Job Market Paper
Price changes affect the distribution of economic resources and the drivers of inflation are central to monetary policy decisions. My paper examines how changes in market structure and product market concentration, specifically firm exit, affect prices. I develop a model in which firms are heterogeneous in their costs and market power. In the model, firms exit when they cannot pay their costs. The model predicts that the remaining firms' markups and prices increase after their competitors exit. I test my model's prediction with Swedish firm-level micro data. I use the exposure of firms to a bank, which was severely affected by the financial crisis, as an instrument to identify the causal relationship between firm exit and prices. I find that the remaining firms increase their prices by 0.3 percent when a set of firms with a combined market share of one percent exit. The estimated rise in prices from an increase in exit puts an upward pressure on inflation during recessions. Thus, my findings help understand the lack of price fall during the financial crisis - referred to as the “missing disinflation” puzzle. My empirical findings, in which the effect of exit on prices is larger than in the model, suggest that the role of entry and exit may be larger than current theoretical models with variable markups predict. I show that the model can be brought into line with the data under the assumption that industries are divided into sub-markets.
Using a novel dataset, which merges firm-level producer price and balance sheet data, I quantify the monetary policy rate pass-through to producer prices via the working capital channel. I develop a theoretical framework based on the New Keynesian model to show that the monetary policy transmission mechanism depends on heterogeneity in firms' working capital holdings and firms' anticipation of policy rate changes. The model predicts that (i) an increase in the policy rate leads to an increase in firms prices, (ii) it results in larger increases in the prices of firms that require more working capital, and (ii) unanticipated interest rate changes have larger current effects on producer prices than anticipated interest rate changes. The predictions of the model are tested using Swedish firm-level micro data. Specifically, I compare the price response of firms with high and low working capital holdings upon changes in the repo rate, and as a reaction to three sets of monetary policy shocks. The empirical results show that the pass-through of a percent increase in the policy rate to producer prices via the working capital channel is between 0.1-0.5 percent for the firm with average working capital holdings over a three month price setting horizon. The effect is 0.2-0.7 two quarters ahead. For a firm whose working capital requirement equals its sales, a percent increase in the policy rate increases the firm's price by 1.3-5.6 percent via the working capital channel over a one year horizon. The second set of results show that interest rate changes are likely unanticipated by firms, suggesting that actual policy rate changes are sufficient to measure the supply-side policy rate pass-through.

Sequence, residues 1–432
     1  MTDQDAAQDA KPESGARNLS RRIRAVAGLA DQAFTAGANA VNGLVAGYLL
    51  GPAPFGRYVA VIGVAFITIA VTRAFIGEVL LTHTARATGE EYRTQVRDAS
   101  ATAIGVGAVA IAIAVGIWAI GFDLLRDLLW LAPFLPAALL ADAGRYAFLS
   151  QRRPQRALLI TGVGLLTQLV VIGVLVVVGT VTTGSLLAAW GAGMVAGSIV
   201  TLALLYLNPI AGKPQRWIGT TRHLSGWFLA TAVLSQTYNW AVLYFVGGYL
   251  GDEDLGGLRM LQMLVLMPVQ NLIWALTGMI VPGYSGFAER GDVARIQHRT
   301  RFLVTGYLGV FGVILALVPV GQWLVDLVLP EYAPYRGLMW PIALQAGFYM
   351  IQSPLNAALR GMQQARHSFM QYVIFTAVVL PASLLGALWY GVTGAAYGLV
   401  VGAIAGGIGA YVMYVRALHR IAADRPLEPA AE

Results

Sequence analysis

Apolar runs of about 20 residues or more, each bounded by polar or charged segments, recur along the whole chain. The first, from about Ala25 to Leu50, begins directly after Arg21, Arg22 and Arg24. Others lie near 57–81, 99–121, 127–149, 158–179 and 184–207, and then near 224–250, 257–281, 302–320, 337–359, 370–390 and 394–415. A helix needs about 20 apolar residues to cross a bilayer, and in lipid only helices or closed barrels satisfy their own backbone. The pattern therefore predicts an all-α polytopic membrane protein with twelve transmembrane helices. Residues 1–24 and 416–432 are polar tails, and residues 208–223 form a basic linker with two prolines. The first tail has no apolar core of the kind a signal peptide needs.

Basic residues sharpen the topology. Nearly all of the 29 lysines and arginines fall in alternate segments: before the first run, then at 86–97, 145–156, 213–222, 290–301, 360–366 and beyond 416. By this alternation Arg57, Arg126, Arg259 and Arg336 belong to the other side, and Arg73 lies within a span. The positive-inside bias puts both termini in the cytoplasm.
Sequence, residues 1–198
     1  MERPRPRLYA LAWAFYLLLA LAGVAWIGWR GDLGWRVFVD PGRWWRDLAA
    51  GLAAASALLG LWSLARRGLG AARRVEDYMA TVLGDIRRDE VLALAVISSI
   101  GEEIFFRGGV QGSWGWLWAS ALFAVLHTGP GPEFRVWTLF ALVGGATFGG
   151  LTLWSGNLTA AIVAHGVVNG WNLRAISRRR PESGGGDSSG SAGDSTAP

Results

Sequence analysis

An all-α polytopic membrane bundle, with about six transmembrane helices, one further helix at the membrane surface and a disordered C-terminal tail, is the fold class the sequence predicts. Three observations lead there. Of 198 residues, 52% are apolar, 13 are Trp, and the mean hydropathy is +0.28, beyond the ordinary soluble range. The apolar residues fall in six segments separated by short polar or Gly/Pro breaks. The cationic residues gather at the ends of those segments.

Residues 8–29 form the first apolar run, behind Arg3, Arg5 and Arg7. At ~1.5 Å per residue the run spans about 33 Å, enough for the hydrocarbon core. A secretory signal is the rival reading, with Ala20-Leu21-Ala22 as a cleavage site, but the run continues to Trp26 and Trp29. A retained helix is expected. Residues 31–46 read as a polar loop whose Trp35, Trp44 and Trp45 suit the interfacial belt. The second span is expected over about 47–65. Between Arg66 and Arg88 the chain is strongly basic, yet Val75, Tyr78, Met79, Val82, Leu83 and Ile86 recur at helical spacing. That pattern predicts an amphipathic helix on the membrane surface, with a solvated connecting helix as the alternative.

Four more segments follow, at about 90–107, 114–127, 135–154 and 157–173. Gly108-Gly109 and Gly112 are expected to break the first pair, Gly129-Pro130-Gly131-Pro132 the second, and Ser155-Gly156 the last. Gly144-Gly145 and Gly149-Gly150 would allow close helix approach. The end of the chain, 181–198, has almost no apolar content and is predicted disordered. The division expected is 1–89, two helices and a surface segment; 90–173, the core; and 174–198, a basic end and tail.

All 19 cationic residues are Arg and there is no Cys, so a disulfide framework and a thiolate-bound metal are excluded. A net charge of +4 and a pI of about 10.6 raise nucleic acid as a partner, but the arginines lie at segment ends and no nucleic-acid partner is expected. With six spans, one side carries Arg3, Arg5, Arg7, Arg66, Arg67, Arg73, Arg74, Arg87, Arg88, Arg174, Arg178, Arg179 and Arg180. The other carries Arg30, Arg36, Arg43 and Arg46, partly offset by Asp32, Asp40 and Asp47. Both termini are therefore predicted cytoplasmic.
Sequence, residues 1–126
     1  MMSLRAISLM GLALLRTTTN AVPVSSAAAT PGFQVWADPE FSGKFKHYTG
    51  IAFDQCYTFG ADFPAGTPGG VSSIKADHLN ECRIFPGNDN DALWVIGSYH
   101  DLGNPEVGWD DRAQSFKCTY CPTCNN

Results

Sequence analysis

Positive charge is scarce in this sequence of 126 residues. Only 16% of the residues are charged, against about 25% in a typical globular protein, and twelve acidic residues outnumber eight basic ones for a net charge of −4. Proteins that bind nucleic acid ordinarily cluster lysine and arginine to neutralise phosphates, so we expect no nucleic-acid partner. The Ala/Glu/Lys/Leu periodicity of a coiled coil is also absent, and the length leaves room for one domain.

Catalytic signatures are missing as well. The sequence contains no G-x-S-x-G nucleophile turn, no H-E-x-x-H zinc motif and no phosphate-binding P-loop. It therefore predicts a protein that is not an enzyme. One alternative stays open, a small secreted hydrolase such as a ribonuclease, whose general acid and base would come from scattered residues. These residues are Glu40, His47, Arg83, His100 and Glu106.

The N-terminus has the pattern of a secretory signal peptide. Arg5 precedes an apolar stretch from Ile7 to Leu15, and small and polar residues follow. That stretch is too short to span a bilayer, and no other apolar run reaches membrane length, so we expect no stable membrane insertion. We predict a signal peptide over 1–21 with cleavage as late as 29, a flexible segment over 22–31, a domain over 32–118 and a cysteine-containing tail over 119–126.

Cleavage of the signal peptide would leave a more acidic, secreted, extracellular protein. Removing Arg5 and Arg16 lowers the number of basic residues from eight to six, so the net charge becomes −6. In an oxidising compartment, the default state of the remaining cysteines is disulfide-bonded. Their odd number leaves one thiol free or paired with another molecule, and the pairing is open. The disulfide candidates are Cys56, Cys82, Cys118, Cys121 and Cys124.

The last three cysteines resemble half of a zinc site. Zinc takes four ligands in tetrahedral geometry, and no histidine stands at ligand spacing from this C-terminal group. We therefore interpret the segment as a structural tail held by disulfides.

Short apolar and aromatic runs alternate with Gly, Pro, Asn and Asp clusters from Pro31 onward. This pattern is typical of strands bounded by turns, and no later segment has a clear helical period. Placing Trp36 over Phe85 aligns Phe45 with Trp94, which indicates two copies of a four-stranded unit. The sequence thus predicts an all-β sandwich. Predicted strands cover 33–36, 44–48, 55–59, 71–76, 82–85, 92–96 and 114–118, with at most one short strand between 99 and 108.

Markups as a Hedge for Input Price Uncertainty
with Sneha Agrawal and Abhishek Gaurav
In this paper, we propose a new channel to explain higher markups and incomplete pass-through of input prices to markups. Standard models in the literature often do not consider second-moment changes in input prices, that is, the uncertainty in costs the producers face while deciding prices. This uncertainty, along with the fact that prices are sticky in the sense that firms often choose prices knowing only their cost distribution and not the actual cost realization, might lead to much lower dividends than expected. As a result, firms have a precautionary motive to charge higher markups ex-ante and insure against high future cost uncertainty. We corroborate this with evidence on oil-price and real-exchange-rate volatility shocks in a large panel data of firms from Sweden. We find that higher cost uncertainty for firms with intensive use of oil or imports (respectively) leads to an increase in markups by 3%-7% annualized.
Work in Progress
The Effect of International Competition on R&D and Product Quality
with Michael Gilraine, Scott Orr and Daniel Trefler
Globally Dominant Firms
with Thomas Philippon and Germán Gutiérrez
Changes in the Number of Firms and the Market Share Distribution
with Joshua Weiss
Optimal Price Index in an Open Economy
with David Vestin